TAIPEI -- Recently improved relations between Taiwan and China have enhanced Taiwan's trade ties with Indonesia, but no formal talks have been launched on the possibility of Taiwan investing in an Indonesian island, said Andrew Hsia, Taiwan's top envoy to Indonesia, last week.
Earlier this year, Indonesian President Susilo Bambang Yudhoyono through his ministers invited Taiwan to invest in Moratai Island, an island one-15th the size of Taiwan, with an area of 2,400 square kilometers on the northern tip of Indonesia.
The proposal was made to Taiwan's economics minister Shih Yen-shiang, who led a delegation of over 100 people to Indonesia in October to study the Southeast Asian country's economic and trade environment.
Hsia, who has visited Moratai, said the sparsely populated island of roughly 50,000 people is a prime location for investments in fishery, agriculture, light industry, and tourism because it does not experience typhoons or cold fronts.
Once the former military headquarters for U.S. General Douglas MacArthur during World War II, the remote islet is equipped with a seven-runway airport, which adds to its appeal, Hsia said.
According to some newspaper reports, the deal could be cemented in early 2011. However, Hsia insisted no timeline has been set.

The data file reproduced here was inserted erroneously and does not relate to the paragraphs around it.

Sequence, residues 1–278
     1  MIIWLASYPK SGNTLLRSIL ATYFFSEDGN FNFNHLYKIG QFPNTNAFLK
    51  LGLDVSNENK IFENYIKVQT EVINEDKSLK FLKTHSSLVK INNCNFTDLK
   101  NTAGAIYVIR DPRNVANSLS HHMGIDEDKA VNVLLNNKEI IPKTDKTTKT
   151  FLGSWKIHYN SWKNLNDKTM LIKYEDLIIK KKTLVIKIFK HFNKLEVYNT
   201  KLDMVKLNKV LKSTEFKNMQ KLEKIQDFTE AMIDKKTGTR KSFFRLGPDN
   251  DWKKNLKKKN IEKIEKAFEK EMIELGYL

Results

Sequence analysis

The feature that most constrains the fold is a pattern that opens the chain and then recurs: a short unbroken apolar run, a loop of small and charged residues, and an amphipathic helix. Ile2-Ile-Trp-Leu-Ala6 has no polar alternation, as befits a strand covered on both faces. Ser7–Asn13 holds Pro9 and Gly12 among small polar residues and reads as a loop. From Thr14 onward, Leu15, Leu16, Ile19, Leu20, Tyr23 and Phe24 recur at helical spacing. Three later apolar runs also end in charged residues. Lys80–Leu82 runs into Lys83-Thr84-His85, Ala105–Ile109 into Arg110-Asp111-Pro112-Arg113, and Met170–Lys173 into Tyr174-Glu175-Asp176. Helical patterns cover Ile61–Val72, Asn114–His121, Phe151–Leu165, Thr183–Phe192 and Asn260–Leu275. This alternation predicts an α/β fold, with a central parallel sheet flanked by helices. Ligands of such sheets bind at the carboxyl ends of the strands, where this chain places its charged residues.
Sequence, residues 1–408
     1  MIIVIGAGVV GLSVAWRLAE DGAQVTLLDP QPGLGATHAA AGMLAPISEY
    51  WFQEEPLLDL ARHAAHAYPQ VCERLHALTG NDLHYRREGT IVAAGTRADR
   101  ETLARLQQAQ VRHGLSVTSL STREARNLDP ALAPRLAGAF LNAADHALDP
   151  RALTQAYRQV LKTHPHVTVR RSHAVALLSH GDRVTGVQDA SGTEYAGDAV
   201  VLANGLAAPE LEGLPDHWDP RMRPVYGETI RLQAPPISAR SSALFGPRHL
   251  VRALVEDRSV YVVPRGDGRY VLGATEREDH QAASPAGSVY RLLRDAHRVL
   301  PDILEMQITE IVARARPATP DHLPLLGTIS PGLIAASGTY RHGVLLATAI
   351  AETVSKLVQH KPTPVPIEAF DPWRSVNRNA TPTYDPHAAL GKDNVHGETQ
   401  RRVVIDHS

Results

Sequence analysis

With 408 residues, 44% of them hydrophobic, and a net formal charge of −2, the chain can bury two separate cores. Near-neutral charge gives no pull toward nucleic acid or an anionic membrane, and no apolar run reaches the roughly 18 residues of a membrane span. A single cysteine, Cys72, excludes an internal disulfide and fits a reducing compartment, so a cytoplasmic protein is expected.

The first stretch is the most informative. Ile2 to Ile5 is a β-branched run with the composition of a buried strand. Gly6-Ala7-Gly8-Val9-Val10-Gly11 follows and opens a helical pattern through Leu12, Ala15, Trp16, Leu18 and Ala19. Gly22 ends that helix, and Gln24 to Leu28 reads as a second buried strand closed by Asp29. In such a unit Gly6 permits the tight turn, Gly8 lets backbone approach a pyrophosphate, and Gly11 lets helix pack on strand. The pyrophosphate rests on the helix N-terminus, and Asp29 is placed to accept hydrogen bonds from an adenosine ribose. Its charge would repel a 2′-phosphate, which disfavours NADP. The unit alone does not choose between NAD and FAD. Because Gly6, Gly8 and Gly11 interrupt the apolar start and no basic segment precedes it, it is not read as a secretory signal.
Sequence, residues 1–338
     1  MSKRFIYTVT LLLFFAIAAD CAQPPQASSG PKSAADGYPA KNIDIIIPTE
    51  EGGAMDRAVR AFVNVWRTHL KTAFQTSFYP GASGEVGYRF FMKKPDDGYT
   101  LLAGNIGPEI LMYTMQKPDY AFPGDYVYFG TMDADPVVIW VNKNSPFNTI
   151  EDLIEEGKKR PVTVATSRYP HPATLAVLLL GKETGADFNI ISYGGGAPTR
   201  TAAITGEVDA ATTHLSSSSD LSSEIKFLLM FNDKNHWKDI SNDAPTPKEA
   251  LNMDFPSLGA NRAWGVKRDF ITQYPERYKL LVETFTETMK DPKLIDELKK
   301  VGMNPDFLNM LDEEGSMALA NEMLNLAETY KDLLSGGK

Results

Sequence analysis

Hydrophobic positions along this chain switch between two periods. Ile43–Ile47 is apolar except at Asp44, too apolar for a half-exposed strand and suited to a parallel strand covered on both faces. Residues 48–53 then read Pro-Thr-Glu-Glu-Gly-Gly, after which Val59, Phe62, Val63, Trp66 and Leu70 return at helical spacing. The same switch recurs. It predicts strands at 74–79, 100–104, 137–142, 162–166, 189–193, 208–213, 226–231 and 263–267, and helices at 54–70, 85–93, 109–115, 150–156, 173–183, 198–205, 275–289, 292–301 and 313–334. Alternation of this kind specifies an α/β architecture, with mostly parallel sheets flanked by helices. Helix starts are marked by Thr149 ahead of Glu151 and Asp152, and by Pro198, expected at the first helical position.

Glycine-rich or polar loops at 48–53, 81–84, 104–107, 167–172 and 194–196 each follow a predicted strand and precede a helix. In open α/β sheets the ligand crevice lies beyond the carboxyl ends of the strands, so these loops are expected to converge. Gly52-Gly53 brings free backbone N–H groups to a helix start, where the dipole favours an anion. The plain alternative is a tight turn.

“Both sides are carefully evaluating the options. There are still many outstanding issues to be assessed such as what are the collective interests in this project and what mutual benefits might arise from this collaboration,” said the former deputy foreign minister, adding that both sides are still mulling over the details.
While crediting warming China-Taiwan relations as a key factor in the improved Taiwan-Indonesia ties, the representative said a formal trade pact with Jakarta still remains in the far distance.
“Both sides are very positive about our current trade relationship, but we are still not at a stage where we can even begin to discuss a free trade agreement,”he said.
As the largest economy in Southeast Asia, Indonesia has long been viewed favorably by Taiwanese investors, especially after the formation of an ASEAN-China Free Trade Area which went into effect on Jan. 1 this year.
Indonesia is Taiwan's 10th largest trade partner. Taiwan's investments in Indonesia have amounted to over US$13.9 billion.
Taiwan is also the most popular destination for Indonesian overseas workers due to its higher salary and good benefits, said Hsia.
According to the Council of Labor Affairs, there are around 150,000 Indonesian workers in Taiwan, which accounts for 40 percent of Taiwan's foreign labor force.
On a people-to-people level, Taiwan and Indonesia share close ties. Last week, the Indonesia city of Singkawang became a sister city of Taoyuan County's Yangmei City.
During the initial aftermath of the recent volcanic eruptions in Indonesia's Mount Merapi, Taiwanese compatriots in Indonesia donated blankets, slippers, and T-shirts to the local residents. The combined money donated from the Taiwanese government and Taiwanese public reached over US$370,000.